Bennett, Esther Silver & Blue Jan.-Feb. 1997


The information below has been compiled from a variety of sources. If the reader has access to information that can be documented and that will correct or add to this woman’s biographical information, please contact the Nevada Women’s History Project.

At A Glance:

Born: January 19, 1917, Reno, Nevada
Died: April 22, 2007, Reno, Nevada
Maiden Name: Esther Louise Laiola
Race/Nationality/Ethnic Background: Caucasian
Marrried: Multiple
Children: Gary
Primary City and County of Residence and Work:
Reno, Washoe County
Major Fields of Work: Education
Other Role Identities: Wife


Reno elementary teacher, rodeo queen drew lasting lessons from nature

Esther Bennett, whose name graces a north Reno elementary school, lived a full life that affected thousands of students in part, she said, because, she’s “hyper. I have to stay busy or I’ll go crazy.” That dynamism was reflected in everything she did.

A second-generation Nevadan, she was born Esther Louise Laiola on January 19, 1917, at home on the old 101 Ranch, on what is now Longley Lane, to Juanita Capurro and Peter Laiolo. She called herself the son they wanted but never had. She started riding horses at age 3 and never quit. “My earliest memories are of being on a pony, tethered to my father’s saddle horn while he went out to check on the hired cowboys and foreman.”

She was an avid cowgirl until her mother overheard her scolding her goat in what she called “cowboy language.” Her mother decided it was time to teach Esther some etiquette and music instead. She took classes in both and became an accomplished pianist, a skill that later helped her land her first teaching job.

But her love of all things cowboy never waned. She was the first Miss Reno Rodeo in 1937. She was pleased at the appointment, but her excitement was dimmed when she found out she could not ride in the rodeo parade on her horse, but had to wear a formal long dress with a train and ride in a stagecoach. She later said, “I had a maid in waiting, ladies in waiting….I’d have rather been on a horse.” Fifty years later, the Reno Rodeo Association honored her with the title of Grand Marshall of the parade. And in 1998, as the honorary Reno Rodeo Queen, her dream finally came true when she was allowed to ride a horse in the parade. She eventually bought the 101 Ranch, owned 32 acres and at one time had 27 horses, which she used to teach riding to area horse enthusiasts.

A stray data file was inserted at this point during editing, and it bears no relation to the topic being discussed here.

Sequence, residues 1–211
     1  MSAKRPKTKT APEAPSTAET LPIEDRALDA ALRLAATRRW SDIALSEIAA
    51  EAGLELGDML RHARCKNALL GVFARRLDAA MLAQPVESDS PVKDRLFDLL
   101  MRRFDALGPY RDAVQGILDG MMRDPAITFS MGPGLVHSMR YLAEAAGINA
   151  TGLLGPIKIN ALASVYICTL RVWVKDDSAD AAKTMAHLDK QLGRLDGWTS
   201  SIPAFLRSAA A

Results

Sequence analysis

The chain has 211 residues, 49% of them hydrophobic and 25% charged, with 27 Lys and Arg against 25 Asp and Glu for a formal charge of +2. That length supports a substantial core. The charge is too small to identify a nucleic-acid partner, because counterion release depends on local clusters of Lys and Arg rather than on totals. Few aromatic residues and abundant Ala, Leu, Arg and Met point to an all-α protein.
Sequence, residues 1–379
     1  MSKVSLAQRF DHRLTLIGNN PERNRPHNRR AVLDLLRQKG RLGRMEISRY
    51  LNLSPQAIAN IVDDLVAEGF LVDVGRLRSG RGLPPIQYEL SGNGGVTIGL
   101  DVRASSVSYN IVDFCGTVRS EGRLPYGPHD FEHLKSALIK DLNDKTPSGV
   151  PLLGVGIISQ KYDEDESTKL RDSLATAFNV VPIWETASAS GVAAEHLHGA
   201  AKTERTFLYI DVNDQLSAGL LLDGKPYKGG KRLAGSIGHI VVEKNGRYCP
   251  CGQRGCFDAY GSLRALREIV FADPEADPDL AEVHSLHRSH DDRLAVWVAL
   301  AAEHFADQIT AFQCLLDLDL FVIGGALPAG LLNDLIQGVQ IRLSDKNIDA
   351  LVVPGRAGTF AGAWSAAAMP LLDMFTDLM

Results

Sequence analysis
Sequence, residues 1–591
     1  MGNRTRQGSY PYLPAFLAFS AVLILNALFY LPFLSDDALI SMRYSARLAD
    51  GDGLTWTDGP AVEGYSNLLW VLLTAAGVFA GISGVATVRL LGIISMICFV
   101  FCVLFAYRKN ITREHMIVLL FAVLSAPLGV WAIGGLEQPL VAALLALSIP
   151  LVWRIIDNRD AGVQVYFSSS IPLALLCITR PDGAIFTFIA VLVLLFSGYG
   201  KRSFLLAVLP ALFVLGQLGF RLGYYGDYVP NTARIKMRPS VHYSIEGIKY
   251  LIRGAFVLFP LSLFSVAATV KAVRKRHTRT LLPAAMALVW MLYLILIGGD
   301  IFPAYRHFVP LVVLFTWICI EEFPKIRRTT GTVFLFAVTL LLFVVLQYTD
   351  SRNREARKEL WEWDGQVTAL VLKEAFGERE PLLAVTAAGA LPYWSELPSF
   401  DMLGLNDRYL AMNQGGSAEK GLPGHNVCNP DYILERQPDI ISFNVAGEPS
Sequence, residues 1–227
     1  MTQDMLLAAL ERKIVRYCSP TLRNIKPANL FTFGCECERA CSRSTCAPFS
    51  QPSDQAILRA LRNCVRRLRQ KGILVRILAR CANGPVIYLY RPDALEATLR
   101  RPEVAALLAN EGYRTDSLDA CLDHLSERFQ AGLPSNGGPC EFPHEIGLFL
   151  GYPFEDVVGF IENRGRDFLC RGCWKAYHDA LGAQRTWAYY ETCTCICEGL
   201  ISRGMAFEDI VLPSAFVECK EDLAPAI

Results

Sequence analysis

After graduating from Reno High School, she went to the University of Nevada and, before finishing her bachelor’s degree, started teaching in Smith Valley with a “normal degree.” This was a two-year education program common in the Depression years when four years of college tuition was too expensive for many. She loved teaching fifth-graders there and used her piano skills to produce an operetta at the school. She also worked in a dress shop and commuted to Reno for night classes. The state superintendent eventually allowed her to move back to Reno and teach even before she’d completed her bachelor’s degree, a move not allowed today.

For a while in the 1940s Esther was lured by the lights of the big city and left education to work in New York City as a flight attendant and model. But teaching never was far from her mind. She convinced Columbia University to let her audit education classes while in NYC. It was there she learned, from a Miss Rubison, the concept of “whole language” teaching, an integrative approach with all subjects. “I learned to structure an atmosphere which would spark an interest in school and learning, making it exciting,” she explained in a 1997 interview with Terri Sprenger-Farley in UNR’s Silver and Blue magazine. This newfound knowledge helped encourage her to stop her world traveling and return to Reno to teach again.

She described teaching as a “fine, rewarding profession,” and many of her students considered her a very fine teacher, as well. They learned about responsibility from her constant menagerie of classroom critters. In spring, she would have a setting hen and have her children keep track of the eggs’ gestation. “Mrs. Mother Hen,” as the children called one chicken, drew the attention of the Nevada State Journal in 1953, which wrote a story about the impending blessed event.

In autumn, she’d often have caterpillars which students could follow through the chrysalis stage into full butterfly adulthood. She used the animals, which included students’ additions of hamsters, gerbils, lizards, crickets, rabbits and snakes, to teach science, of course, but also English (“Butter-fly; a compound word”); math (“How many days until those eggs hatch?”); and responsibility (“Power comes with the sense of control over an animal. Sometimes today’s students are neglected at home,” she said, and need a sense of power over something.)